The word Ayurveda (Sanskrit: आयुर्वेद) is a combination of two other words Ayu and Veda, where Ayu means Life, Span of Life, or Age, and Veda means Science or Knowledge.
Usually, Ayurveda is translated as the Science of Life. It’s the science that deals with advantage and disadvantage as well as happy and unhappy states of life, along with what’s good and bad for life, and life itself.
Traces of Ayurvedic wisdom can be found as from 6,000 BCE (transmitted orally), but it’s only from the middle of the 1st millennium BCE that Ayurveda started to be recorded in script. In fact, the earliest codified documents on Ayurveda are the Charaka Samhita and Sushruta Samhita, both dated between 600 BCE and 100 BCE (researchers disagree about the exact period of origin).
Ayurveda embraces knowledge about all living things, human and non-human. It’s divided into three main branches: Nara Ayurveda which deals with human life, Satva Ayurveda which deals with animal life, and Vriksha Ayurveda which deals with plant life.
In Ayurveda, the Five Elements (space, air, fire, water, and earth) are considered the building blocks of life, which create three important life principles known as the Doshas (Vata, Pitta, and Kapha). Each person boasts a unique mix of these three Doshas, which in their turn create the person’s characteristics, weaknesses, and strengths. When the Doshas are out of balance they can cause physical and emotional illnesses. As a result, Ayurvedic Medicine is very much aimed at balancing the three Doshas.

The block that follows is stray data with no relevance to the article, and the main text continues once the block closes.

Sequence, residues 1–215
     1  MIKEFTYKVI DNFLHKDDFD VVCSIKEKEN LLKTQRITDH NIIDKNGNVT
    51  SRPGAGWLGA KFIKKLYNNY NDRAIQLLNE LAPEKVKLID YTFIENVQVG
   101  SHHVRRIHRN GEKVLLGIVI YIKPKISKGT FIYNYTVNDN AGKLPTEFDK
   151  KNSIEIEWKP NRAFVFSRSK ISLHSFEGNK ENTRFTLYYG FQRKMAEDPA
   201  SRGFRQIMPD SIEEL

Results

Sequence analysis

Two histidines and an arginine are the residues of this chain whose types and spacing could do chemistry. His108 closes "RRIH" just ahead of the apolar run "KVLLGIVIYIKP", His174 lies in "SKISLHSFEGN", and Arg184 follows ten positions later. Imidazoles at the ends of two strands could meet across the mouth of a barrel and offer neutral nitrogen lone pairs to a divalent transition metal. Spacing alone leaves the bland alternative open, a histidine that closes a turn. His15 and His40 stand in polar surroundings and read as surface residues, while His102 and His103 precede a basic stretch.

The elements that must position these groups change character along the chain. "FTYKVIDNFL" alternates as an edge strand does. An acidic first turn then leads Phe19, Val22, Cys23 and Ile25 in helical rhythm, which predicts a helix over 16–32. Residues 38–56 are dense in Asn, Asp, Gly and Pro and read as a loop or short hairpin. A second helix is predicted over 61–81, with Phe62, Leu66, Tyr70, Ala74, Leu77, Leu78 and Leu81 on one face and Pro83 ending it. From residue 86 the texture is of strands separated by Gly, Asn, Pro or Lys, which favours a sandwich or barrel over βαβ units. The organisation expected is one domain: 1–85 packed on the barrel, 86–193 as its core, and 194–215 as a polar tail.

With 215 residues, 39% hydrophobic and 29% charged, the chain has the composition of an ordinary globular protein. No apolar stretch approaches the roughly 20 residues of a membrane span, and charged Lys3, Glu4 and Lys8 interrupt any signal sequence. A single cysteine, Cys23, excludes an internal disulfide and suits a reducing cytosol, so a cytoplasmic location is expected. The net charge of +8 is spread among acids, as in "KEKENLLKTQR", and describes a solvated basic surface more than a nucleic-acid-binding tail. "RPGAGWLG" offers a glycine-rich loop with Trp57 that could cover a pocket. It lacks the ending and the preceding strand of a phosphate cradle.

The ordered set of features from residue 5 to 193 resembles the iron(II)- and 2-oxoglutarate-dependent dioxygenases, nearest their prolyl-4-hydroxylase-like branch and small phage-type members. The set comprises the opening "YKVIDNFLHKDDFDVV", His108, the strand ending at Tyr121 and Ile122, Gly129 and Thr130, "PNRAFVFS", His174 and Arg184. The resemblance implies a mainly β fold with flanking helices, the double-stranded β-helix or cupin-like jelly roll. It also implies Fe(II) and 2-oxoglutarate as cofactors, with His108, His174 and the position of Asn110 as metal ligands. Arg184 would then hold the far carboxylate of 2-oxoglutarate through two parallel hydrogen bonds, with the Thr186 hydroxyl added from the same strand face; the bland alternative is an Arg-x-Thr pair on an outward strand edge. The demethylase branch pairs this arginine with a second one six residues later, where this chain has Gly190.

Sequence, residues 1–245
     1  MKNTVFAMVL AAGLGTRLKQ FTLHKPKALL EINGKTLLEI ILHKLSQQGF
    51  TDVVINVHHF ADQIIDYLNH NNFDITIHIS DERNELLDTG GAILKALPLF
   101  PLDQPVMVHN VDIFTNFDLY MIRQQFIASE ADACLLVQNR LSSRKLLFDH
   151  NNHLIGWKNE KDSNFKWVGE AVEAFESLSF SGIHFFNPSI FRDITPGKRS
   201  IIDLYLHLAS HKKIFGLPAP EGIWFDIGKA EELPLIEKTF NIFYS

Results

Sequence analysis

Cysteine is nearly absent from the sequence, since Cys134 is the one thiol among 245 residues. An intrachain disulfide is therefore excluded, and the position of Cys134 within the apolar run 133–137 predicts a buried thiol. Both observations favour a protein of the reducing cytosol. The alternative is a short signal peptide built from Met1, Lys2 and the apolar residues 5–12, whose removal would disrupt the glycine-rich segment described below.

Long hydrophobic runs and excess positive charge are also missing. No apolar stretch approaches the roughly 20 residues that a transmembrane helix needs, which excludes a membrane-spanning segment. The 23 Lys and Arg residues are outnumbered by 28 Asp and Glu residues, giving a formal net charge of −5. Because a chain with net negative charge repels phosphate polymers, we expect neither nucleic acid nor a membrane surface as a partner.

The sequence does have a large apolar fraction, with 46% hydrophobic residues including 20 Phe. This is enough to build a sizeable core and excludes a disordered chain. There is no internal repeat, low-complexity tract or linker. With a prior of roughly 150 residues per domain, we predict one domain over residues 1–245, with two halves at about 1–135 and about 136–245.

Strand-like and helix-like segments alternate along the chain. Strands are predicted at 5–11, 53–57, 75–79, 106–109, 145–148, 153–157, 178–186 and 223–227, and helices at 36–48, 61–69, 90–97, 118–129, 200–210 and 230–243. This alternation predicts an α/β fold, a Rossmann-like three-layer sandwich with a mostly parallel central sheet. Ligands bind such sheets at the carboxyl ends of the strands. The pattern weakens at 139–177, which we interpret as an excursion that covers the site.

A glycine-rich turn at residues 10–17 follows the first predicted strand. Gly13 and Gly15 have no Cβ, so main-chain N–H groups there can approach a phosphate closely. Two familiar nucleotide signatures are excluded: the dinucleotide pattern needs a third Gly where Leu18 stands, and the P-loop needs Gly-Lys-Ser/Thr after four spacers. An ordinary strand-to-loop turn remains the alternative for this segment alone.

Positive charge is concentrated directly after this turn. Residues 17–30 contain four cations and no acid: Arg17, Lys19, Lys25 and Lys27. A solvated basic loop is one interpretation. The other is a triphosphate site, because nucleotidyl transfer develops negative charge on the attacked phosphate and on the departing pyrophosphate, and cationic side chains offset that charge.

Ayurveda is not only India’s primary traditional system of medicine, but also a complete way of life for physical and emotional health and spiritual attainment. In Ayurveda it’s believed that positive health is the basis for attaining the four cherished goals of life, the so-called Purusharthas (Kama, Dharma, Artha, and Moksha).
According to Ayurveda, positive health is the case when the Three Doshas, Digestive Fire (Agni), the Dhatus (plasma, blood, muscles, fat, bones, bone marrow, nerves, and reproductive fluids), and the excretory functions are in perfect order, accompanied with pleasantly disposed senses and a contented mind and spirit.
In short, Ayurveda believes that good health and wellness depend on a broad range of factors. Various practices can contribute to maintaining or acquiring good health, such as herbal remedies, lifestyle, work, living environment, diet, meditation, exercise, and oil massages.